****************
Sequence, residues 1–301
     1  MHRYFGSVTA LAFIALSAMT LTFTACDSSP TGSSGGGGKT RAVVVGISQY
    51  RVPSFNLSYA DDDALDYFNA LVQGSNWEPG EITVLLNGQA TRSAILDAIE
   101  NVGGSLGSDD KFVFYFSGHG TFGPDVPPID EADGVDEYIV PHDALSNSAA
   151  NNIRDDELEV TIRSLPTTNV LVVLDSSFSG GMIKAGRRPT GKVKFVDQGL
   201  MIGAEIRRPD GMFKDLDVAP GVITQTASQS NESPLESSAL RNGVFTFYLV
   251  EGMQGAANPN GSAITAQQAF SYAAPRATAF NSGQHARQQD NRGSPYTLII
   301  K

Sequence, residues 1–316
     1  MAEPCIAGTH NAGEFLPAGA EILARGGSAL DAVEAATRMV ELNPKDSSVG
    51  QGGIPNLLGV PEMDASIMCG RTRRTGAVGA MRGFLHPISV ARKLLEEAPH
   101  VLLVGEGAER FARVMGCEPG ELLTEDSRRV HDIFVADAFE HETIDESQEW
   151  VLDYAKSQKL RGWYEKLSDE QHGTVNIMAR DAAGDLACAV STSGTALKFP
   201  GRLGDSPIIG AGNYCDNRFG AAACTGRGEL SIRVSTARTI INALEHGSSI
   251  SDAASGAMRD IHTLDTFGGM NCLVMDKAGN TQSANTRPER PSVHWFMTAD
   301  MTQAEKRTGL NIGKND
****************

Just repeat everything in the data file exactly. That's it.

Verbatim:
Sequence, residues 1–301
     1  MHRYFGSVTA LAFIALSAMT LTFTACDSSP TGSSGGGGKT RAVVVGISQY
    51  RVPSFNLSYA DDDALDYFNA LVQGSNWEPG EITVLLNGQA TRSAILDAIE
   101  NVGGSLGSDD KFVFYFSGHG TFGPDVPPID EADGVDEYIV PHDALSNSAA
   151  NNIRDDELEV TIRSLPTTNV LVVLDSSFSG GMIKAGRRPT GKVKFVDQGL
   201  MIGAEIRRPD GMFKDLDVAP GVITQTASQS NESPLESSAL RNGVFTFYLV
   251  EGMQGAANPN GSAITAQQAF SYAAPRATAF NSGQHARQQD NRGSPYTLII
   301  K

Sequence, residues 1–316
     1  MAEPCIAGTH NAGEFLPAGA EILARGGSAL DAVEAATRMV ELNPKDSSVG
    51  QGGIPNLLGV PEMDASIMCG RTRRTGAVGA MRGFLHPISV ARKLLEEAPH
   101  VLLVGEGAER FARVMGCEPG ELLTEDSRRV HDIFVADAFE HETIDESQEW
   151  VLDYAKSQKL RGWYEKLSDE QHGTVNIMAR DAAGDLACAV STSGTALKFP
   201  GRLGDSPIIG AGNYCDNRFG AAACTGRGEL SIRVSTARTI INALEHGSSI
   251  SDAASGAMRD IHTLDTFGGM NCLVMDKAGN TQSANTRPER PSVHWFMTAD
   301  MTQAEKRTGL NIGKND